Please check the lab marks we have recorded for you using the graph icon at the bottom of the course website menu, or the Give command 3222|9222 classrun -sturec from the Unix prompt in your CSE home account.
The total lab score is recorded as a mark out of 24, shown as the field "Labs".
Please let me know of any discrepancies. Thanks.
Please ensure you have your work marked off by the end of Thursday 25 October. Marks will be entered into SMS on 26 October for you to check - please await further email in this regard.
Please also complete the myExperience course survey . In particular, in the written comments, please let me know why you did/didn't attend lectures if you usually did/didn't do so .
Next week is the final week of lectures for COMP3222/9222 :(
I have a few slides to wrap up the course and preview the final exam arrangements, which I propose going over on Thursday at 1pm in the usual place. Please come along if you can make it.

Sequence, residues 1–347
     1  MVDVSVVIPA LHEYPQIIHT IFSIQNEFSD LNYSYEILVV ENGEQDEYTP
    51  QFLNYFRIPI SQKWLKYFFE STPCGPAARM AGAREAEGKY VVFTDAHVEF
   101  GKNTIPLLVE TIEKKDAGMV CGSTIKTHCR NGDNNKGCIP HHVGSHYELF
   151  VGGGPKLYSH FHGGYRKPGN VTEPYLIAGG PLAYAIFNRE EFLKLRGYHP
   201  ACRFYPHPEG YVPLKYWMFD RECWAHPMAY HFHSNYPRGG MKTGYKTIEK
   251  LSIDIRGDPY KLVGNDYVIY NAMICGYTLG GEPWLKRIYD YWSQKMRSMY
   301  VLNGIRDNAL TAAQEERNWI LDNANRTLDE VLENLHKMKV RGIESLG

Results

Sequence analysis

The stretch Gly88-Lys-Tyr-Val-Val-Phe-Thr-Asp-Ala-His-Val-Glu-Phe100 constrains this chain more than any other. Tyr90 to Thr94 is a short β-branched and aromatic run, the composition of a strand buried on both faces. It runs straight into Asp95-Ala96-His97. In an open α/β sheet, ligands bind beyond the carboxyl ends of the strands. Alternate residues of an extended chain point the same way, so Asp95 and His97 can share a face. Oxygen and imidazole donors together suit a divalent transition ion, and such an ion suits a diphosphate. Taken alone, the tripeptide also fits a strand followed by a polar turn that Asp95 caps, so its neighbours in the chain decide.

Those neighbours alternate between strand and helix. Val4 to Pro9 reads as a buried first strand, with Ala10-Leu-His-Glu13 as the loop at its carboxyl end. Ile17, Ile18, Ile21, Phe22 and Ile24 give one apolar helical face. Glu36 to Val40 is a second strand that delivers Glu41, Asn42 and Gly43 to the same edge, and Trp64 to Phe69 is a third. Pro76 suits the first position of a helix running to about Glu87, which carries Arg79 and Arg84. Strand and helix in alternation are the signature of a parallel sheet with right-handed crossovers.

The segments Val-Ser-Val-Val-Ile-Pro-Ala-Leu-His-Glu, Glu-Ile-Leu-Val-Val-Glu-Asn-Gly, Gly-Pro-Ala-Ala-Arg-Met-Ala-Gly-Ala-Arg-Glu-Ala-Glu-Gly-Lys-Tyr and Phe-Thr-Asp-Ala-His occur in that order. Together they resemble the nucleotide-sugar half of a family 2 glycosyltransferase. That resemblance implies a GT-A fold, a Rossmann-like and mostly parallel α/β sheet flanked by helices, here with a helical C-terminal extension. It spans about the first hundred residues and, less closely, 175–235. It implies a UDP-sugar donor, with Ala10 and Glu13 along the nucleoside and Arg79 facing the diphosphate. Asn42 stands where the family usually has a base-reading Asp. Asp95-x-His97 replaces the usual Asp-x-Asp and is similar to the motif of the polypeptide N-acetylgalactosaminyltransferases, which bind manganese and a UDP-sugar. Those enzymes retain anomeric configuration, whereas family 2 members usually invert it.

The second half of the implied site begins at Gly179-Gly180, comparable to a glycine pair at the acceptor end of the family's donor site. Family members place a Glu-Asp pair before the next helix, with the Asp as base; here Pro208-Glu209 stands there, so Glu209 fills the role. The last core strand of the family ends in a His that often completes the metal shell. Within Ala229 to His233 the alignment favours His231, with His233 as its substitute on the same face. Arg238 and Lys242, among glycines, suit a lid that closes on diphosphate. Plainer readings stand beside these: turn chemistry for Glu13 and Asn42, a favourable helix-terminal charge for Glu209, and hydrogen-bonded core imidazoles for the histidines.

I have been asked to use Tuesday to present another design example from go to whoa. For those of you who are interested and able to make it, we shall meet at 10am next Tuesday to work through the following problem, which is adapted from Katz, P7.29:
You are to develop a state diagram and VHDL description for a washing machine controller. The machine starts when a coin is deposited. It then sequences through the following stages: soak, wash, rinse and spin. There is a “double wash” switch, which, if turned on, causes a second wash and rinse to occur after the first wash and rinse have been completed. There is one timer – you may assume that each stage should take the same amount of time. The timer begins ticking as soon as the coin is deposited, generates a T signal at the end of the time period, and then resets itself and starts again. You are not required to design the timer – it is external to your controller. If the lid is raised during the spin cycle, the machine stops spinning until the lid is closed. You may assume that the timer suspends ticking while the lid is raised. Identify your inputs and outputs and draw a state diagram that implements this finite state machine. Include an asynchronous reset that forces the machine back into the initial state. Describe the finite state machine using behavioural VHDL.